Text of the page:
• 73. Chapter 5: Troubleshooting 70 www.gateway.com
  • 74. Glossary A This appendix provides information on terms that relate to routers and networking. 71
  • 75. Appendix A: Glossary Terms you should know adapter (network) - A circuit board that plugs into a computer to let the computer connect to a network. beacon interval - A beacon is a periodic broadcast by the router to keep the network synchronized. The interval indicates how often the router broadcasts the beacon. broadband - When multiple signals or channels (such as voice, data, and video) share the bandwidth of a single medium. browser - A program running on a computer which makes it possible to view and interact with the Internet. cable modem - A broadband device that uses a coaxial cable to connect to an ISP to access the Internet. CAT 5 - The minimum standard of twisted-pair cable suitable for data transmission over a computer network. data packet - A unit of transmitted data. For more information, see “packet.” default gateway - A routing device that forwards data over a local network. DHCP (Dynamic Host Configuration Protocol) - DHCP lets a router or access point router temporarily assign an IP address to a computer on the network. DMZ (demilitarized zone) - DMZ hosting lets a single computer on your LAN expose all of its ports to the Internet. When you set up DMZ hosting on a computer, you bypass the security provided by a router. Consider port forwarding as an alternative to DMZ hosting. DNS - A database that translates and stores domain and host names as IP addresses. domain - A set of IP addresses usually “owned” by a company. For example, in an e-mail address the name of the domain comes after the @ symbol. DSL (Digital Subscriber Line) - A broadband Internet connection that uses an ordinary telephone line to provide a fast, “always on” connection to the Internet. 72 www.gateway.com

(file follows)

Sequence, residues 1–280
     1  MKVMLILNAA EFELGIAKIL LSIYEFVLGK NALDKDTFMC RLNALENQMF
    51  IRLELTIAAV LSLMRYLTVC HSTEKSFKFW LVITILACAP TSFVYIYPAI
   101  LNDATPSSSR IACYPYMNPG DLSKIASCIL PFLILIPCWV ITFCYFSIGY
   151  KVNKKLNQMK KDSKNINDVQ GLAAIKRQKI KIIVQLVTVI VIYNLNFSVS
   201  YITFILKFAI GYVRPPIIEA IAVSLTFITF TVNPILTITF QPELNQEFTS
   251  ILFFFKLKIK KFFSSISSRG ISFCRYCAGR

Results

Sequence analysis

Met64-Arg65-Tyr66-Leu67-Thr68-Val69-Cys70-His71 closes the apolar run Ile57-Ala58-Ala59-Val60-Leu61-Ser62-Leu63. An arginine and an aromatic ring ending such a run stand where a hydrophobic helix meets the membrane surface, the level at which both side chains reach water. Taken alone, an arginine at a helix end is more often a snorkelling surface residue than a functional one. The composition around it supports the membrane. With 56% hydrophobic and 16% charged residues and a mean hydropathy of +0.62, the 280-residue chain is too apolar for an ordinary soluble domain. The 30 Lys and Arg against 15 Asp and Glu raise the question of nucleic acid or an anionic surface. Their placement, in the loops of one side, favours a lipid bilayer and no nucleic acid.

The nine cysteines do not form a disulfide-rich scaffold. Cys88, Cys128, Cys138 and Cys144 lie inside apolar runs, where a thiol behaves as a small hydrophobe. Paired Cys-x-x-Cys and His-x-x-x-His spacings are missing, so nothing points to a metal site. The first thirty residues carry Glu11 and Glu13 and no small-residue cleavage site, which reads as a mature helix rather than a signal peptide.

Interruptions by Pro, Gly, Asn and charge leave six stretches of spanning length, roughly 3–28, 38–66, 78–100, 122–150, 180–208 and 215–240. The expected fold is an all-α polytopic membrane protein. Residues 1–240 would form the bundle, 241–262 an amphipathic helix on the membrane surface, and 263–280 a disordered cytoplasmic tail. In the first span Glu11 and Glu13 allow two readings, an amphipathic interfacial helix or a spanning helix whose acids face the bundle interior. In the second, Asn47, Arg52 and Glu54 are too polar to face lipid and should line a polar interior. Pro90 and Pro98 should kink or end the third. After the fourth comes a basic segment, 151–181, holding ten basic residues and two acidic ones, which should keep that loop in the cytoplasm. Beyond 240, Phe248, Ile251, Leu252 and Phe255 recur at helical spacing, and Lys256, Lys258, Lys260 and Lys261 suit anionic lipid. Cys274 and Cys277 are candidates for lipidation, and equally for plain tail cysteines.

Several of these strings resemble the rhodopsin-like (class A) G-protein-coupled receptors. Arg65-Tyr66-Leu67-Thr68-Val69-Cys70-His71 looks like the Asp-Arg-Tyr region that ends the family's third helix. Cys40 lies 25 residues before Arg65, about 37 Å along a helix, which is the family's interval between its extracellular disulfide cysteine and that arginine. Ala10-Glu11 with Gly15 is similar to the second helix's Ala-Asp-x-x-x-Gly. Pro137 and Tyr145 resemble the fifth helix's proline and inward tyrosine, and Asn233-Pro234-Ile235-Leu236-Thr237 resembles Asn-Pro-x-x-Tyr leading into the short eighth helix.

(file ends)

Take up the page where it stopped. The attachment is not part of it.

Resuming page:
• 76. Terms you should know DTIM (Delivery Traffic Indication Message) - A message sent by the router to a wireless network device to indicate when the next broadcast or multicast message will be sent. This parameter is necessary to accommodate devices using power save mode. dynamic IP address - An IP address that is temporarily assigned by a DHCP server. Many ISPs use dynamic IP addresses. When a computer connects the Internet, an ISP provides an IP address. When the computer disconnects from the Internet, the ISP reassigns the dynamic IP address to another computer requesting Internet access. dynamic routing - In dynamic routing, a router is configured to automatically generate routing information and share the information with neighboring routers. encryption - The translation of data into a secret code. Encryption is the most effective way to achieve data security. To read an encrypted file, you must have the encryption key (code) associated with the encrypted data. Encryption is especially useful when you are using a wireless network because it prevents outsiders from accessing data. Each computer on a wireless network must use the same encryption code. Ethernet - Ethernet is a common technology used to create computer networks. Wired Ethernet uses cables to link computers, hubs, switches, routers. Wireless Ethernet uses radio waves to create links. firmware - Firmware is programming that is inserted into programmable read-only memory (programmable ROM), thus becoming a permanent part of a computing device. Firmware cannot be modified by a user. Updating firmware requires a special program usually provided by the hardware manufacturer. fragmentation - The process of breaking data into small segments for transmitting. When the segments are received, the data is defragmented and returned to its original format. FTP (File Transfer Protocol) - A simple method of transferring files from one computer to another. Gateway - A system that joins two networks together. hardware - Physical equipment as opposed to software. A router is a hardware device. HTTP (HyperText Transport Protocol) - A system that lets Web browsers and Web servers communicate. hub - A hardware device that joins multiple computers to create a network. www.gateway.com 73